December 8, 2012
Supernovae Birth Could Be Caught Sooner By Looking For X-ray Signatures
April Flowers for redOrbit.com - Your Universe Online
Dr. Rhaana Starling of the University of Leicester Department of Physics and Astronomy said, "The most massive stars can be tens to a hundred times larger than the Sun. When one of these giants runs out of hydrogen gas it collapses catastrophically and explodes as a supernova, blowing off its outer layers, which enrich the Universe. But this is no ordinary supernova; in the explosion narrowly confined streams of material are forced out of the poles of the star at almost the speed of light. These so-called relativistic jets give rise to brief flashes of energetic gamma-radiation called gamma-ray bursts, which are picked up by monitoring instruments in space, that in turn alert astronomers."
Because coincident supernovae are seen with ground-based optical telescopes approximately ten to twenty days after the high-energy flash, astronomers know that gamma-ray bursts arise in stellar deaths. However, the true moment of birth for a supernova — called the supernova shock breakout - when the star's surface reacts to the core collapse, is missed. Gamma-ray bursts are associated with only the most energetic supernovae.
For this sub-class of supernovae, however, it may be possible to identify X-ray emission signatures in the infancy of the supernova. If an X-ray early warning system could detect the supernova's birth earlier, astronomers could monitor the event as it happens, allowing them to pinpoint the drivers behind one of the most violent events in our Universe.
Partly built at the University of Leicester, the X-ray detectors the team are using for this study are on the X-Ray Telescope aboard NASA's Swift. Swift is able to nimbly turn around to catch a gamma-ray burst in action. The observatory has returned data on a number of gamma-ray bursts with visible supernovae showing an excess in X-rays received compared with expectations. This excess is thermal emission, also known as blackbody radiation.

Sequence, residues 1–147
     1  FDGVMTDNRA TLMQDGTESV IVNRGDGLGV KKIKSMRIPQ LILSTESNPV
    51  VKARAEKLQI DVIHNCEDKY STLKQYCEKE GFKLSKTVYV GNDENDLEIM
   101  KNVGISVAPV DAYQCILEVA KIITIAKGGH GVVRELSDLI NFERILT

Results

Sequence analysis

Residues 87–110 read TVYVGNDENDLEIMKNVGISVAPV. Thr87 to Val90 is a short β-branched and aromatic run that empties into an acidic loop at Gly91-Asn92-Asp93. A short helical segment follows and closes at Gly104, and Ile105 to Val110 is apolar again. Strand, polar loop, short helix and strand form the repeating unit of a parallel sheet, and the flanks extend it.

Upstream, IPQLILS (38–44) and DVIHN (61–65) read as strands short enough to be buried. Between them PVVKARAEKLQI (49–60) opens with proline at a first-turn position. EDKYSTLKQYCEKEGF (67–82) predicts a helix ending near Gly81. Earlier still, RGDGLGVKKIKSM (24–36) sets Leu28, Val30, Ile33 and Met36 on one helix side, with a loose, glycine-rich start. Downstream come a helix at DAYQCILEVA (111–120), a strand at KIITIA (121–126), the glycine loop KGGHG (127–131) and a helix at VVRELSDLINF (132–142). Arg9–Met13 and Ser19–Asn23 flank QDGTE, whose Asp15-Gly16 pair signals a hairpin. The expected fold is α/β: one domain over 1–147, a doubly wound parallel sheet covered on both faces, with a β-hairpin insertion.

Dr Starling added, "We were surprised to find thermal X-rays coming from a gamma-ray burst, and even more surprising is that all confirmed cases so far are those with secure supernova identification from optical data. This phenomenon is only seen during the first thousand seconds of an event, and it is challenging to distinguish it from X-ray emission solely from the gamma-ray burst jet. That is why astronomers have not routinely observed this before, and only a small subset of the 700+ bursts we detect with Swift show it.
"It all hangs on the positive identification of the extra X-ray radiation as directly emerging from the supernova shock front, rather than from the relativistic jets or central black hole. If this radiation turns out to be from the central black-hole-powered engine of the gamma-ray burst instead, it will still be a very illuminating result for gamma-ray burst physics, but the strong association with supernovae is tantalizing."
Comprised of scientists from the UK, Ireland, USA and Denmark, the team plans to extend their searches to make more quantitative comparisons with theoretical models both for stellar collapse and the dynamics of fast jet-flows.
For most supernovae, astronomers will continue to observe their visible-light peak at approximately ten days after the explosion. However, for the most energetic, it may become possible to routinely witness the very moment they are born, through X-ray eyes.